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21 Mar 2017

National Water Week: iSimangaliso Wetland park one of 22 Ramsar sites

Judi Davis (South Coast Herald)

Soggy scene: Healthy wetlands and swampy grasslands abound in iSimangaliso Wetland Park.

The respect for our valualbe wetlands goes back to ancient times.

An Ezemvelo KZN Wildlife poster in a hide in uMkhuze Game Reserve tells a story that illustrates how respect for our wetlands harks back to ancient times.

According to legend, a many-headed snake called Nkanyamba guards the the Mbongolwane wetland near Eshowe and if this valuable ecosystem is not accorded due respect, Nkanyamba will become angry and stir up a severe storms.
Yet another myth, which tells how the Zulu people emerged from a bed of reeds, underlines the importance of wetlands as part of South Africa’s cultural heritage.

They are seen as magical meeting places between land and water and, therefore, the physical and spiritual world. Many cultural beliefs surround these sacred places and they are much appreciated as valuable sources of medicinal plants.
They are, of course, vital components of a healthy environment, too, great big sponges that soak up rainfall, preventing erosion, controlling run-off, stopping flooding and slowly releasing precious water during drier periods. According to Ezemvelo, they also purify water and support species diversity.

Today, they are increasingly valued for the food, raw materials and tourism opportunities they provide. Spend just a short while at a healthy wetland and you will be surprised by the huge diversity of bird, animal and plant life it attracts and supports.
Of course, uMkhuze is part of our wonderful 332 000ha iSimangaliso Wetland Park, a Unesco World Heritage site that incorporates the Lake St Lucia, the world’s oldest protected estuary and Africa’s largest estuarine system, complete with all those soggy grasslands and wetlands that make up the lake’s flood plane.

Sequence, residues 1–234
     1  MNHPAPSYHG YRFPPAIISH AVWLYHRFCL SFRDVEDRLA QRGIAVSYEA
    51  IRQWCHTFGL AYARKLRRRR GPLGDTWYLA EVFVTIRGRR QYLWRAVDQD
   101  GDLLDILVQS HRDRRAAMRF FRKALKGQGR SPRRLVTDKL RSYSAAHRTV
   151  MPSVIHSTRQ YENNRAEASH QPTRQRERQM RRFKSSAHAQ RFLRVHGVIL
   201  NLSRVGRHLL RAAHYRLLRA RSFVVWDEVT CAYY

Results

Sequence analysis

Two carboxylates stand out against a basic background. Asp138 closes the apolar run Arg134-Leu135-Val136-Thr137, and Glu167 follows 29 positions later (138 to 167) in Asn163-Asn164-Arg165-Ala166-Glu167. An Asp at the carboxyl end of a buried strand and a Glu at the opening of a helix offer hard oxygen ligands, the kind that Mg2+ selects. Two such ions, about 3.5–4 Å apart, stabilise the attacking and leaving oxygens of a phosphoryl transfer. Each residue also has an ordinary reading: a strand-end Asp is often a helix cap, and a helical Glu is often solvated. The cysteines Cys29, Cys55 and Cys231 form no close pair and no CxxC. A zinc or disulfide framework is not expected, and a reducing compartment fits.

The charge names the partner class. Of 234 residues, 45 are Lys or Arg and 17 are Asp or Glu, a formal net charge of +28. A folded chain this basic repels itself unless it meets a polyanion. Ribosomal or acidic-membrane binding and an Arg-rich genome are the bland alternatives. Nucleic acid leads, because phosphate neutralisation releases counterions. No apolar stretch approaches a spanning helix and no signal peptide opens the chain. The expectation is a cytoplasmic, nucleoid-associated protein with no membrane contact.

The park is a wonderful illustration of the incredible value of our wetlands and other watery places, supporting as it does an amazingly high levels of biodiversity and viable populations of threatened species. According to the park authorities, more than 50 percent of all water birds in KwaZulu-Natal feed, roost and nest there.

Of the 155 fish species that have been recorded in the Lake St Lucia estuarine system, 71 species use St Lucia as a nursery area and at least 24 of these are important in marine line fisheries. Some 800 hippos and 1 200 crocodiles call the park their home.
The health of the estuarine system and surrounding wetlands is directly linked to the livelihoods of people in the area. Harvests of raw materials, particularly sedges, are estimated to be worth around R7,5 million a year. The contribution of the estuarine floodplain areas to livestock grazing is estimated at R3,6 million per year.

 

Online Article